Linked by Thom Holwerda on Sat 27th May 2017 09:33 UTC
Linux

It is 2017. Pick an average PC from 2007 and install a minimal GNU/Linux based operating system. You will be able to do basic computing tasks (eg. surfing the web, reading E-Mails, listening to music, chatting) just like on an expensive modern PC. You will even get security updates, so your old computer is protected, just like as a new one.

postmarketOS (I love the name) aims to do the same for smartphones. A small Linux distribution with a phone interface, designed to be easy to update and maintain to solve the problems Android poses in this area. The project is in its infancy, so it needs a lot of help to further realise its vision.

This is a great idea, and it could breathe life into devices not even LineageOS can keep alive.

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Comment by The123king
by The123king on Sat 27th May 2017 10:48 UTC
The123king
Member since:
2009-05-28

I can see how this could be useful for the developing world, but why not just use an older version of Android. Say, the one it shipped with.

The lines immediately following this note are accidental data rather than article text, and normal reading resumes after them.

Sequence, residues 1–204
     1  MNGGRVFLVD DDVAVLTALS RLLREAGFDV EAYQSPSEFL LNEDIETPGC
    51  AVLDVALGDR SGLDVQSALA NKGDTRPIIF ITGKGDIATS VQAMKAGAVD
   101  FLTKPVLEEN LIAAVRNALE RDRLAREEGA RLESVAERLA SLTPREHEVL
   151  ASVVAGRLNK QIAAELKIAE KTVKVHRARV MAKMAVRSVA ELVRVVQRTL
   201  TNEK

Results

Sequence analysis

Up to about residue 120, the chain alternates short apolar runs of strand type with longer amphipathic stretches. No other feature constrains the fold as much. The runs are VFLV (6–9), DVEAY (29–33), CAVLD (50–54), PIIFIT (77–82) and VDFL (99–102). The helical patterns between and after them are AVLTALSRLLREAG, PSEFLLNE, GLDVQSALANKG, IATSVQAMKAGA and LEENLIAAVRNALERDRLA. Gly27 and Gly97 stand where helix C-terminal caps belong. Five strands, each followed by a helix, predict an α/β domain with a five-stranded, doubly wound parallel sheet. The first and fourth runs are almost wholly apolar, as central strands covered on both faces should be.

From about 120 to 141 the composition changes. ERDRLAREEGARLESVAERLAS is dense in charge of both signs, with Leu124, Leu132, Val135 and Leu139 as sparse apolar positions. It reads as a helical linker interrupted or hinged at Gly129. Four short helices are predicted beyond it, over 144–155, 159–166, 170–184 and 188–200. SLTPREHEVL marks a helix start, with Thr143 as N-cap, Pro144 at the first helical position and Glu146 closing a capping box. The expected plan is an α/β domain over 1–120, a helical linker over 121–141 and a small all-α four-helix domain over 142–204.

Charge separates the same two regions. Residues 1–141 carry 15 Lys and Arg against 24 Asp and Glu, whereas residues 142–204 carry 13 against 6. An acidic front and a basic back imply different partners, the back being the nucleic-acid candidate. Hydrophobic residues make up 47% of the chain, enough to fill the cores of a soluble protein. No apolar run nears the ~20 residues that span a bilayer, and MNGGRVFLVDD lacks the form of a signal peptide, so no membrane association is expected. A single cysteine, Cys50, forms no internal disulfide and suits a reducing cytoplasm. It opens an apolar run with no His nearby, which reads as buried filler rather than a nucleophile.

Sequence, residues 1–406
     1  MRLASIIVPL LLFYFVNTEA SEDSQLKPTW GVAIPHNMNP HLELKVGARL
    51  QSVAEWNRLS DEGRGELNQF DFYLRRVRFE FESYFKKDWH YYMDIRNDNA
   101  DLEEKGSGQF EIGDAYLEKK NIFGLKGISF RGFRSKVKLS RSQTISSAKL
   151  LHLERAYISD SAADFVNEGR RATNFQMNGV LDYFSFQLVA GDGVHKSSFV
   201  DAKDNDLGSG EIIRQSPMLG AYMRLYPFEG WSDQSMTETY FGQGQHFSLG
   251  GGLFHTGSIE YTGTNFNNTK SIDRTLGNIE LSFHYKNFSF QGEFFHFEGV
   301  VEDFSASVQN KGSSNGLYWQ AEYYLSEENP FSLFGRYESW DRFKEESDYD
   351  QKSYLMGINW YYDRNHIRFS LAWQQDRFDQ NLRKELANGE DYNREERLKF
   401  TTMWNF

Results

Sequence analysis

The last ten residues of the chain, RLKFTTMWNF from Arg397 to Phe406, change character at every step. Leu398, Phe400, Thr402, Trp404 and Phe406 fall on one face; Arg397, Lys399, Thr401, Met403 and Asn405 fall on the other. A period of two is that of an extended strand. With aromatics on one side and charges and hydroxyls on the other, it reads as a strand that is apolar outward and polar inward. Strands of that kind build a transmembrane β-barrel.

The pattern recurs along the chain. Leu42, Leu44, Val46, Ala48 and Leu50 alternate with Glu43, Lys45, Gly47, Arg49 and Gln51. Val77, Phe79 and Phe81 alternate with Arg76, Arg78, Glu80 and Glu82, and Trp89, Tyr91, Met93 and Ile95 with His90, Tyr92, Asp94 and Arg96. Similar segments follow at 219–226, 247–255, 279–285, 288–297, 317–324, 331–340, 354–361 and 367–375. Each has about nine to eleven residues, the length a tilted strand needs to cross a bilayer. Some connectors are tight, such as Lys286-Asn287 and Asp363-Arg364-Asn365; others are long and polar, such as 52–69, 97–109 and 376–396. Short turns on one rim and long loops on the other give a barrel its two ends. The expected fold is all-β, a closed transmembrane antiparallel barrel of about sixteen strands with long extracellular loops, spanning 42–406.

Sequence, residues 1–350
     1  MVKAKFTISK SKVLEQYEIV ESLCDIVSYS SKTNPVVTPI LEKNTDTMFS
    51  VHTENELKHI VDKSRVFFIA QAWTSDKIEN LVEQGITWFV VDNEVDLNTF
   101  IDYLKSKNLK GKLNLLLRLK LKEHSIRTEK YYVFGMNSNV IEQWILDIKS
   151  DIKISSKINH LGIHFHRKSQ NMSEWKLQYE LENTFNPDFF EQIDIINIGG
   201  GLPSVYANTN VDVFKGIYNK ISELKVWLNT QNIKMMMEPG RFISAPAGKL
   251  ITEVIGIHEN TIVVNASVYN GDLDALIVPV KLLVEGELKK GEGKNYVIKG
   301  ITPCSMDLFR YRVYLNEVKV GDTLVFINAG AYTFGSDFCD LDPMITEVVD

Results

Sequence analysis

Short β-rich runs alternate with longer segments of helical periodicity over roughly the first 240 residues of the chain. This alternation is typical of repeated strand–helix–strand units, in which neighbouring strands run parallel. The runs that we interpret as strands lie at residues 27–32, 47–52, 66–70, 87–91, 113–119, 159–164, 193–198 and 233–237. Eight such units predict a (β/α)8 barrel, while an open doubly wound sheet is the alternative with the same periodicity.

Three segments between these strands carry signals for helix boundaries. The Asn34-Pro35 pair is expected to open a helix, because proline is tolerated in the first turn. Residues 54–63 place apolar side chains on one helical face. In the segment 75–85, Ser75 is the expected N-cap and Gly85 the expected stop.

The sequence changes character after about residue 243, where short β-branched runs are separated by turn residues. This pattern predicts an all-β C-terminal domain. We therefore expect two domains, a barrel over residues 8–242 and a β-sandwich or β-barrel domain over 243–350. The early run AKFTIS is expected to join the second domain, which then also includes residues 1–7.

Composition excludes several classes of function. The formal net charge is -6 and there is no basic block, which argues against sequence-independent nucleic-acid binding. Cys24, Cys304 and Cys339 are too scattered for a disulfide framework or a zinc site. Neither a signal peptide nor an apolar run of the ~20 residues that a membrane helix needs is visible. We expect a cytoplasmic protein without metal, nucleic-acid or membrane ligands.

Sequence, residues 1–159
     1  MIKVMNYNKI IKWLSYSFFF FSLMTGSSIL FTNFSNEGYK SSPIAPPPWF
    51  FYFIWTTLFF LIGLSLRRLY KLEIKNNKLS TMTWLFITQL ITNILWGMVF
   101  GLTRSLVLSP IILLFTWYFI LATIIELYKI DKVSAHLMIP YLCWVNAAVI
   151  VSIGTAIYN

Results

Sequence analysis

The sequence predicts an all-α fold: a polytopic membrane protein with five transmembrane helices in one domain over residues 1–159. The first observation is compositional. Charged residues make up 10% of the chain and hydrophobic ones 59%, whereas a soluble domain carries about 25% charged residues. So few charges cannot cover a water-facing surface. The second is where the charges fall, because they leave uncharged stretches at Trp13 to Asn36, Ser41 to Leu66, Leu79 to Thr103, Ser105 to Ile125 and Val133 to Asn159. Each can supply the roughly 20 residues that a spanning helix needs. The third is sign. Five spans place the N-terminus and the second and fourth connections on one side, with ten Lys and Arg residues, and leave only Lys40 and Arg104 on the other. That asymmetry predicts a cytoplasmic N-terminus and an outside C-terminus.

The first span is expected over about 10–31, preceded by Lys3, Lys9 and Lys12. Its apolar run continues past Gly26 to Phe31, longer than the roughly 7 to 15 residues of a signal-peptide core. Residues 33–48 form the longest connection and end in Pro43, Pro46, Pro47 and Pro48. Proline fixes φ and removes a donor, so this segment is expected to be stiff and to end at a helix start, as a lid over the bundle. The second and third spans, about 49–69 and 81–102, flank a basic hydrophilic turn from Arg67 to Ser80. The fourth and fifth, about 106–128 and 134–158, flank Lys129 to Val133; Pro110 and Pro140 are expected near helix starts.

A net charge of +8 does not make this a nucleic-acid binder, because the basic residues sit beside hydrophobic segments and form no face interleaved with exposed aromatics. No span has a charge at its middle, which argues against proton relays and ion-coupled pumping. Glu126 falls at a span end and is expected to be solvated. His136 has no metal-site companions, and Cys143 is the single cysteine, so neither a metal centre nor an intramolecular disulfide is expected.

You could even grab the sources to Android 2.x and branch it. Get all the advantages of Android, with its' plethora of apps, but also get the advantages of modern security fixes.

Old software isn't bead because it's old, it's bad because it's insecure. Fix all the security holes, and you'll have a usable OS for these old phones

EDIT: maybe i shoiuld RTFA

Edited 2017-05-27 10:50 UTC

Reply Score: 3

RE: Comment by The123king
by yoshi314@gmail.com on Sun 28th May 2017 08:14 UTC in reply to "Comment by The123king"
yoshi314@gmail.com Member since:
2009-12-14

you would have to somehow dig out older app versions for that android release - and those might be insecure by today's standards.